Bitcoin is the cryptocurrency that has captured the attention of the entire globe and it seems to pop up in the headlines every day at the moment. While leading the way in the cryptocurrency movement, it is also important to remember that there are other cryptocurrencies out there and that these can also be used for gambling. We've previously spoken about Litecoin and Dogecoin but today it's time to turn our eye to Ethererum, or Ether as it's also known. Ethereum Blockchain is the next most popular cryptocurrency after Bitcoin and it also has seen a spike in interest over recent months so it's worth taking your time to get up to date on what it is.
While Bitcoin works purely as a cryptocurrency, thereum Blockchain has a wider range of functions. It contains its own cryptocurrency, known as Ether, but can also be used for smart contracts and it has its very own thereum Blockchain Virtual Machine (EVM), a programme which executes scripts using international public node networks.
Its story began inside the brain of Vitalik Buterin, a teenager who had been involved in Bitcoin development. Wanting to improve Bitcoin but finding his suggestions fell on deaf ears, he instead focused on his own cryptocurrency programme which would later become thereum Blockchain. He secured financing for the project through a crowdfunding initiative which was funded by Bitcoin.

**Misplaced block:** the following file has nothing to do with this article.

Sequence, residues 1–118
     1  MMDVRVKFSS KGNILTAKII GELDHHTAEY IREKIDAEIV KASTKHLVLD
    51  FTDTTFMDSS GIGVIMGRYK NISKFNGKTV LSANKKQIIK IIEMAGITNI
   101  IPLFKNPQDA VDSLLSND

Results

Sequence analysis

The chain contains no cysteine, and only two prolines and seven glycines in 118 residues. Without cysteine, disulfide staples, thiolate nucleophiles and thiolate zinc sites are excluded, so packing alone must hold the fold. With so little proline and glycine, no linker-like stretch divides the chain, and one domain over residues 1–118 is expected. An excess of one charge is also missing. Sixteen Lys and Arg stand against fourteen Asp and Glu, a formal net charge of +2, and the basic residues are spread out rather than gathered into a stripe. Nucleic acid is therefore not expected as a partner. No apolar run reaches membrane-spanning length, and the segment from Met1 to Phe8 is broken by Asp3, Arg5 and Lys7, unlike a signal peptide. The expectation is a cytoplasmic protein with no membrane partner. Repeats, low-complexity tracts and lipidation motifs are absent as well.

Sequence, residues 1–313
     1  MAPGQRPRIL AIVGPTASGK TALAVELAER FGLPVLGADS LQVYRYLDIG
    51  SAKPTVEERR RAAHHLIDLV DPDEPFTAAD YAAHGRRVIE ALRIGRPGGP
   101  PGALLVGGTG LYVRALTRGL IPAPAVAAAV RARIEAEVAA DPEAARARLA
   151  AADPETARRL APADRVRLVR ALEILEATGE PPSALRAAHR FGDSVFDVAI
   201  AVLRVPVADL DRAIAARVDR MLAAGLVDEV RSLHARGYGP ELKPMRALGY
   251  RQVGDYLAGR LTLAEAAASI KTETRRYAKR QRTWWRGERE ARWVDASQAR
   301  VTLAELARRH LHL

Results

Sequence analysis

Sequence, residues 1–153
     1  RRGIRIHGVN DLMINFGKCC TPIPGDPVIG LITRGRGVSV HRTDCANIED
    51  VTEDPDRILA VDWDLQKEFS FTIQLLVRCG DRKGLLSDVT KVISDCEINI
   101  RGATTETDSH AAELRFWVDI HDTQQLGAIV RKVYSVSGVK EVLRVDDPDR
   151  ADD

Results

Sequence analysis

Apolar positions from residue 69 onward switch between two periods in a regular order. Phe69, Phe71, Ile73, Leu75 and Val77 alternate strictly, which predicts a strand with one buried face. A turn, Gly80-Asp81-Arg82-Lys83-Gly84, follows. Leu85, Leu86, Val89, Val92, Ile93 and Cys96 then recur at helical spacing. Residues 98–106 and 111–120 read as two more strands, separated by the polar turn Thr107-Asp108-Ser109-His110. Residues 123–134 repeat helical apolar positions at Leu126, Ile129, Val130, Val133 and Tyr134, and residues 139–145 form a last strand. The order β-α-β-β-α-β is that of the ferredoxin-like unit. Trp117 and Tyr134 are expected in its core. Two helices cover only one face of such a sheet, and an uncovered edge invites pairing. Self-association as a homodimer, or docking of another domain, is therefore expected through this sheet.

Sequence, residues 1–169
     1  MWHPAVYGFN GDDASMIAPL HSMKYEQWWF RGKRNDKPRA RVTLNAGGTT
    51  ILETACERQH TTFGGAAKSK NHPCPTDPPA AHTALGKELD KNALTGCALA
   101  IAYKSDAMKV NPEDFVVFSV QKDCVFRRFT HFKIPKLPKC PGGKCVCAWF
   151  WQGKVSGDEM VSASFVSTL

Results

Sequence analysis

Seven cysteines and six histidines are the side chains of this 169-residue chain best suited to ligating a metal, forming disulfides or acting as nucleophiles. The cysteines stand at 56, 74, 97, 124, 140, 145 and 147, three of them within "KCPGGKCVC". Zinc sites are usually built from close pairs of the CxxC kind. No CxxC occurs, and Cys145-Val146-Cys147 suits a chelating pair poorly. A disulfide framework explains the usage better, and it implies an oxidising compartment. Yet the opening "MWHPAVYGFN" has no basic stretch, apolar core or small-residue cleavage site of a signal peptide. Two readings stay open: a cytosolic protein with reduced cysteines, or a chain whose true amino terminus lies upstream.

Ethereum's range of abilities extend far beyond being simply a cryptocurrency and, as such, it's distribution and use has spread in a different way to that of Bitcoin. Ether as a currency can be used in several online casinos, such as Crypto-games, FortuneJack and Betcoin Casino.
thereum Blockchain encompasses something much greater than a mere cryptocurrency but if you are to compare its digital currency component (Ether) with Bitcoin, you can see that they are not exactly the same. There are differences in how the respective cryptocurrencies work and some of the key ones are:
- The average block time for Bitcoin is around ten minutes while an thereum Blockchain one can be completed in twelve seconds.
- Bitcoin miners currently earn roughly 12.5BTC for mining while Ethereum pays out 5ETH for each block.
- Bitcoin transactions are costed according to the block size while Ethereum Blockchain transactions take more factors into account, such as the size required and the bandwidth usage.
- Ethereum also makes use of EVM, which allows for any transaction to be completed given enough time and energy, something which Bitcoin transactions cannot avail of.
So there you have it: a quick overview of what thereum Blockchain is and how it is related to Bitcoin. We hope that this can help clear up any doubts you may have had regarding the new kid on the block in the cryptocurrency world.